We had been together for 21 years. I had chosen this man, picked him specifically from a lot of others. He was perfect in every way that my 18-year-old self desired. He had an American accent. He had a welcoming smile, a fit body – oh, those legs – a firm, warming handshake, and a delectably nerdy side too.

He had me at bow-tie.

We had grown comfortable over the years, familiar. There was a warmth between us. The awkwardness of new was long gone. Our conversations were easy, filled with laughter, and respect, dare I even say knowing twinkles in our eyes. I yearned to impress him. When not in his presence, I counted down the minutes until I next was. I always dressed the part, making sure my face, hair, clothes were as close to perfection as I could muster.

But now, all that is gone.

Dr. Hottie is moving on.

Yesterday was my last ever appointment with my crush-worthy endocrinologist. It was the last time I would ever feel his strong hands softly caressing, er, I mean, inspecting my neck for thyroid growth, the last time I would feel his warmth so close as he checked my racing heart, the last time I would have his eyes boring into mine, so invested in my words. It was the last time I would see that welcoming, inviting smile of his, so hypnotic you forget you’re talking to a doctor and share everything – everything. It was the last time I would giggle over his choice of bow-tie: a classy navy blue with blood red polka dots. It was the last time I would ever have his silky warm hands wrapped around mine; you better believe I lingered.

Yesterday was the last time I would ever hear Dr. Hottie boast again of my diabetes rockstardom.

The realization of that is where I crumble.

I have not always been a diabetes rockstar. There were several years in my teens and early adulthood where I repeatedly rebelled against this disease. I started seeing Dr. Hottie at 18; the first seven years were not my best years. He saw me at my worst, and yet, he never judged, just encouraged. He was the first specialist to see ME, not my diabetes. If I wanted to go out and drink myself under the table, he didn’t necessarily condone it, but he also didn’t live in a shell. He knew I was going to do it, and he gave me tips on how to do so without completely destroying the diabetes within me. If I wanted to eat the cruddiest food, he didn’t say no, he gave me options for better balance.

He talked with me, not at me. That was huge.

When I finally punched Dear Diabetes in the face and said Look, you don’t control me, I control you, I did it for me. But if we’re being completely truthful, and I think we are, the crush I have had on Dr. Hottie has been a strong guiding force in keeping Dear Diabetes under my thumb. When my hgA1c started on a trajectory towards near perfection, the excitement I saw in his twinkling eyes, and heard in his voice made me want more. I craved his exclamations:

“These are numbers to grow old with!”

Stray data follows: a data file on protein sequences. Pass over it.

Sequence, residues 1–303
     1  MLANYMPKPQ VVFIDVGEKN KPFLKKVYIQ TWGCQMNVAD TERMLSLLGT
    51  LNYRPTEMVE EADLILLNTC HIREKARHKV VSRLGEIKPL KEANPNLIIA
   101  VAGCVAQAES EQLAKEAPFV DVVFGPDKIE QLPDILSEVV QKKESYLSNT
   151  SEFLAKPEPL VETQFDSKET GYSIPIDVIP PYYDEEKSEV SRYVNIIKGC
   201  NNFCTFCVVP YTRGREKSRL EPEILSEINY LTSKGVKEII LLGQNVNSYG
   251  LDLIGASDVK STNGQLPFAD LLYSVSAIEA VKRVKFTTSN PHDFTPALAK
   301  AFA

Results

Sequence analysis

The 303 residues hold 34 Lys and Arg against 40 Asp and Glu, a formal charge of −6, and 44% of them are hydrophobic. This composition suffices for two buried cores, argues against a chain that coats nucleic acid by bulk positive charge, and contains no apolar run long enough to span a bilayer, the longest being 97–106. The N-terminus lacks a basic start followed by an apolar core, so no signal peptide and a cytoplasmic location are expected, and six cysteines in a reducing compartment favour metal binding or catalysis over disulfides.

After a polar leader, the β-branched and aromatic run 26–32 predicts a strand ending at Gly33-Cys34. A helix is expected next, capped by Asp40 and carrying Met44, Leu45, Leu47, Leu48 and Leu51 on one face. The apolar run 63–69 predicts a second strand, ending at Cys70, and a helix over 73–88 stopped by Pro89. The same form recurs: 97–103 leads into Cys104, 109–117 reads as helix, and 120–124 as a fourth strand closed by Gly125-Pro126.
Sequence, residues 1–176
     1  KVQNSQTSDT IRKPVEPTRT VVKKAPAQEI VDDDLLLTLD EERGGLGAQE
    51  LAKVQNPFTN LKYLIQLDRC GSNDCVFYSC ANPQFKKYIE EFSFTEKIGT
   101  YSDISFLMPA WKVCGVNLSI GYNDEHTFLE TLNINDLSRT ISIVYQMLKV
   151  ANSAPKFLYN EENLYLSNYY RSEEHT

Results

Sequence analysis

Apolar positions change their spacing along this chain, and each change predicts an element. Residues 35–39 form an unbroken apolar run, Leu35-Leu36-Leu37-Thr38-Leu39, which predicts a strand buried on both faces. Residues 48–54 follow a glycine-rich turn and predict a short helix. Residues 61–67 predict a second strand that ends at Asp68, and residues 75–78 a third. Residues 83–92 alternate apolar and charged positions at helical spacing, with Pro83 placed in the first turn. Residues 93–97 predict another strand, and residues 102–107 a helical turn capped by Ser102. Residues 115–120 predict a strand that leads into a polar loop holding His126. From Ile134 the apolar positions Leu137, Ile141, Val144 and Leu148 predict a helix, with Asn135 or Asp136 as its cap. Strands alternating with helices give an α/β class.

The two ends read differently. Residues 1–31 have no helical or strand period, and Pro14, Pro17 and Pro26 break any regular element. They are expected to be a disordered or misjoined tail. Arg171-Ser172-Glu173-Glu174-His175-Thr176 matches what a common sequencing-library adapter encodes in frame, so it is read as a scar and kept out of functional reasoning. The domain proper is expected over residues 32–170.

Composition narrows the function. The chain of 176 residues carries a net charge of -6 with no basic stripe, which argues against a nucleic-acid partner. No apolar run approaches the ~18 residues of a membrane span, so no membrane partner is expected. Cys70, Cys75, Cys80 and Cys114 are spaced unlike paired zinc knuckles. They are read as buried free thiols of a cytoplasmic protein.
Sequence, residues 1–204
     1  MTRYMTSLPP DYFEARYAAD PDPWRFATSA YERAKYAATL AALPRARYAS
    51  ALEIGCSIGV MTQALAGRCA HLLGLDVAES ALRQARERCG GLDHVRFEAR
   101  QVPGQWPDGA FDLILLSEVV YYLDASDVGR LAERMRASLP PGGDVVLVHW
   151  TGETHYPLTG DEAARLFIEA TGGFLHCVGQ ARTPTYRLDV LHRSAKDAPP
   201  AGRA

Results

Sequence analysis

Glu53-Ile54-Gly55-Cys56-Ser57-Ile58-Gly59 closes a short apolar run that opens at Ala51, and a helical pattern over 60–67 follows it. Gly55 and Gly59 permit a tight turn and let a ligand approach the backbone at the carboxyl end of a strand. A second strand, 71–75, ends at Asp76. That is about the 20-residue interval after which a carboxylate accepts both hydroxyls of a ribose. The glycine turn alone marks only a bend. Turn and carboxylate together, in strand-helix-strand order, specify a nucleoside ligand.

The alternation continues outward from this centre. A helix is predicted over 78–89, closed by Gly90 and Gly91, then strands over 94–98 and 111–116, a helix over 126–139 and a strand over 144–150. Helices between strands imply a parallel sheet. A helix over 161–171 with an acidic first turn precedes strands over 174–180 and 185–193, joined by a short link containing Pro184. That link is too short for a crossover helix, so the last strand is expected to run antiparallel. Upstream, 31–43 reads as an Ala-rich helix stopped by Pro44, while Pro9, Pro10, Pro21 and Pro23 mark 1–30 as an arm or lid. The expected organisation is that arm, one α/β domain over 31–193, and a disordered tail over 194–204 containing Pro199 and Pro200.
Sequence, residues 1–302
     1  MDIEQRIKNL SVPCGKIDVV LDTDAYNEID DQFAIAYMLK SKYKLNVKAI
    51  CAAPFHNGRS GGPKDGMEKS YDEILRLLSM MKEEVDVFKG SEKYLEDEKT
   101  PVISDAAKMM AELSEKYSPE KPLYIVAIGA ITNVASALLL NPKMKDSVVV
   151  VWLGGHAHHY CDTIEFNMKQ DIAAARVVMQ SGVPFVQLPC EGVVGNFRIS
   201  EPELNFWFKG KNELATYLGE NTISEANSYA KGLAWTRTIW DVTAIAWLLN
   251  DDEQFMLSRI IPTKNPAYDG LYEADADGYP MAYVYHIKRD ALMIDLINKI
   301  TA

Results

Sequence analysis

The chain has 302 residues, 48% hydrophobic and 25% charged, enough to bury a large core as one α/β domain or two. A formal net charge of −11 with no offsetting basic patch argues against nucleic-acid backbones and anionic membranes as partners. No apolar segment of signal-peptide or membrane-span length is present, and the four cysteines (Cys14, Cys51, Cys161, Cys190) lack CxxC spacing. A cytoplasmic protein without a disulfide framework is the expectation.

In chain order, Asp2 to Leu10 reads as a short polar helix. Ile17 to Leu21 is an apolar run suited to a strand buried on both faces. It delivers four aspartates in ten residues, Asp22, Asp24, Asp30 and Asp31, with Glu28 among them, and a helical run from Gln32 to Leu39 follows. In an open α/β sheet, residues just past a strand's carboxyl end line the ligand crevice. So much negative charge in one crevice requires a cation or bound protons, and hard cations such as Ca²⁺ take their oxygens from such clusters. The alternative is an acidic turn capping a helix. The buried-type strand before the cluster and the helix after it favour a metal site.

“Whatever you’re doing, keep doing it!”
“You’re healthier than many without this disease!”
“You’re a rockstar!”

While I am still mourning the loss of this great specialist in my life, I am proud to say that we ended our relationship on a beautiful note. Yesterday’s hgA1c was 5.3. To put that into context for those without this disease, the hemoglobin A1C for a “healthy” non-diabetic is less than 5.7.

Yep, I am a rockstar!

Goodbye Dr. Hottie, you will forever be in my diabetes-thriving heart.

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     About men, indeed 😉                                                                                     (Photo retrieved from: https://www.flickr.com/photos/44592535@N04/)

An inspired mom’s day perfection

It has been 214 days since I last ran a race. I haven’t been itching to get out there. Some of my runs have been serious struggles. Mental struggles more than anything. They haven’t been the great fun they once were. In fact, it was only just this week that I had a run I thoroughly enjoyed from tip to tail. The weather was perfect, not too cold, not too hot. The speed wings were soaring. My breathing was heavily laboured. My eyes were focused forward. There was no stopping, just go, go, go.

Both Big Ring and Little Ring have been champing at the bit for me to get back to my racing roots; Little Ring mostly because he remembers the juices he used to get at my races. But personal eagerness hasn’t been there.

Until yesterday.

Yesterday, I switched roles.

Yesterday, I got up early.

Yesterday, I went to the race start.

Yesterday, I cheered my beautiful niece out of the gates and back to the finish line.

My 25-year-old niece ran the Shoppers Drug Mart Run for Women 10 km race at Westbrook Mall near UBC. She used to be quite active in the running scene back in high school, but after an extended hiatus only began running again two months ago.

I made a sign.

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We got laughs 🙂

I cheered for all the runners: “Have a good run! Run hard! Run fast! Run smiling!”

I nearly peed my pants when I saw my niece pass by, jumping up, clapping so hard, super excited.